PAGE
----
United Conservative Party leader Jason Kenney says allegations that he fraudulently collected residential subsidies on a secondary residence are false.

The allegations were made over the weekend by Kyle Morrow, an Ottawa-based lawyer with connections to Alberta.

Morrow is suggesting that Kenney collected $10,825.90 in taxpayer funded expenses for a secondary residence between April 1, 2014 and March 31, 2015 while not actually residing in the home that he listed as his primary residence.

Between 2014 and 2015, Kenney listed his primary residence as a seniors’ retirement village in Calgary. In a written statement, Kenney claims that his widowed mother owned the detached bungalow in the retirement village, and he rented the finished basement in order to assist her while he was in Calgary.

He also says that despite the fact he had a residence in Ottawa, his driver’s licence and health card were Alberta issued.

“I have been a proud resident of Alberta for nearly three decades.”

“I have been a proud resident of Alberta for nearly three decades. During that time, I have always owned, co-owned, or rented my principal residence in Alberta,” Kenney wrote.

“I paid my taxes in Alberta. My driver’s license and health card were from Alberta. My doctor and dentist were in Alberta. My Parish and volunteer activities were and are in Calgary. This of course all remains true to this day.”

An expenses guide for Members of Parliament states that an MP’s primary residence should be in the province or territory where they have a driver’s licence or health card, and also the residence occupied more often than the other residence. However, Morrow points to Kenney’s publicly available flight records during that time period, which show that he only travelled to Calgary four times during the time he collected the expenses for a secondary residence.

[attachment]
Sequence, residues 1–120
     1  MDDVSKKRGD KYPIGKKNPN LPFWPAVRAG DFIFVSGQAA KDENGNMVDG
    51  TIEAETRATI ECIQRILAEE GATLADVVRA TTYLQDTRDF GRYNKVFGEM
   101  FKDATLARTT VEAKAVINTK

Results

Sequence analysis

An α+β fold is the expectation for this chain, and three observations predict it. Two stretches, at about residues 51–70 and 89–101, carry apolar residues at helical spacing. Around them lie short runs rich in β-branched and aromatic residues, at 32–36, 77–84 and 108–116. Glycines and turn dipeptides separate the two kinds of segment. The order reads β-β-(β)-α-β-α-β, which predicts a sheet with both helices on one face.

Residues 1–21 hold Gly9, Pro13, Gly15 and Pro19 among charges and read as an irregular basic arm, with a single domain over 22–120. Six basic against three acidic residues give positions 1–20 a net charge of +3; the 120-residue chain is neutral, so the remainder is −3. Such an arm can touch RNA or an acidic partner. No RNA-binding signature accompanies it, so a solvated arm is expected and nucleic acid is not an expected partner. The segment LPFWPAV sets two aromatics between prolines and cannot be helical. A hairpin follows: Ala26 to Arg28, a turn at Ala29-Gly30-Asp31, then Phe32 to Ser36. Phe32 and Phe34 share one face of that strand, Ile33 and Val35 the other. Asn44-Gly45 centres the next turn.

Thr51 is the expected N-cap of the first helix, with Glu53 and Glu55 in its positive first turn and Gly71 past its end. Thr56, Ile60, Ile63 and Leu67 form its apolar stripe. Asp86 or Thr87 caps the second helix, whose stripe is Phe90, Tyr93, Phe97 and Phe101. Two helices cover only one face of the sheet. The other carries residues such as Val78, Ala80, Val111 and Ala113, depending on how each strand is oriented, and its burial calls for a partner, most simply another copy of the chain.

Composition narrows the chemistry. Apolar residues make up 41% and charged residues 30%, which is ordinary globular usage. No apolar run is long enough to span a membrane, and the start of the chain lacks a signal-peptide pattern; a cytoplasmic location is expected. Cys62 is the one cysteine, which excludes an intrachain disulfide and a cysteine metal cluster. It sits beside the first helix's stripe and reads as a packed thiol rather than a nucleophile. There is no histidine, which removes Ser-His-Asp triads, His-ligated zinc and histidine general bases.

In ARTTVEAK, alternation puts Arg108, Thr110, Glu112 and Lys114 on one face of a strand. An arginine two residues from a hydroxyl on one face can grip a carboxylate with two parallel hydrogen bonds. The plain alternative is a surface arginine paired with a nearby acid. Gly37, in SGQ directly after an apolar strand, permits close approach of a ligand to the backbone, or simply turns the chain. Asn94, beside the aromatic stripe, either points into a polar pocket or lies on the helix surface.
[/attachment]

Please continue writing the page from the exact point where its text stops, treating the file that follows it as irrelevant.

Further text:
“As a Member of Parliament, I was afforded the same living allowance that all MPs get for accommodation in Ottawa. All was in line with House of Commons policy, and my principal residence remained in Calgary throughout.” Kenney wrote.

The Alberta NDP put out a statement Monday highlighting a registration fee of $399 Kenney made to the Ontario Progressive Conservatives in 2016. 

Kenney's spokesperson, Matt Wolf, said the amount was a registration fee—not a donation.

"Mr. Kenney did not donate to the Ontario PC Party, as he was of course a resident of Alberta."

Lori Williams, a political scientist at Mount Royal University in Calgary, says while the allegations likely won’t pose legal any troubles for Kenney, it's bad press in an election year.

“I don’t think legally he’s in any difficulty here. I think the bigger question is people might raise questions about his commitment to Alberta,” Williams told CTV News.

“I think that tells us two things: one is that we’re really in election mode and people who are opposed to Jason Kenney are coming forward with their concerns, many of which they consider to be quite legitimate but some are just opponents just looking for an opportunity to call him down.”

Morrow says he has forwarded the documents to the House of Commons Board of Internal Economy.